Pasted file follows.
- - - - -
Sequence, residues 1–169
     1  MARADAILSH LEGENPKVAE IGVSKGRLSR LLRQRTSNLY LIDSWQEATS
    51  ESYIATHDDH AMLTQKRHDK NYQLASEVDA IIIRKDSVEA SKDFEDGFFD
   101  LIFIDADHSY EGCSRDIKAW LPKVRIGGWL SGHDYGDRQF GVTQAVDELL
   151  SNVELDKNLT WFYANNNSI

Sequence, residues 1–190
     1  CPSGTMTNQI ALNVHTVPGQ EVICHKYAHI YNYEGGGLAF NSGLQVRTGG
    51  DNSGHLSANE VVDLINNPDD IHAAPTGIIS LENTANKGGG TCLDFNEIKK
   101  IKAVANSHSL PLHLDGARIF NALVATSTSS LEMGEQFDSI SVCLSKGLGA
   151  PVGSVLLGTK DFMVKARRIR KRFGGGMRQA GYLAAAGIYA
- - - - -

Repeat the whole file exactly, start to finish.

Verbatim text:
Sequence, residues 1–169
     1  MARADAILSH LEGENPKVAE IGVSKGRLSR LLRQRTSNLY LIDSWQEATS
    51  ESYIATHDDH AMLTQKRHDK NYQLASEVDA IIIRKDSVEA SKDFEDGFFD
   101  LIFIDADHSY EGCSRDIKAW LPKVRIGGWL SGHDYGDRQF GVTQAVDELL
   151  SNVELDKNLT WFYANNNSI

Sequence, residues 1–190
     1  CPSGTMTNQI ALNVHTVPGQ EVICHKYAHI YNYEGGGLAF NSGLQVRTGG
    51  DNSGHLSANE VVDLINNPDD IHAAPTGIIS LENTANKGGG TCLDFNEIKK
   101  IKAVANSHSL PLHLDGARIF NALVATSTSS LEMGEQFDSI SVCLSKGLGA
   151  PVGSVLLGTK DFMVKARRIR KRFGGGMRQA GYLAAAGIYA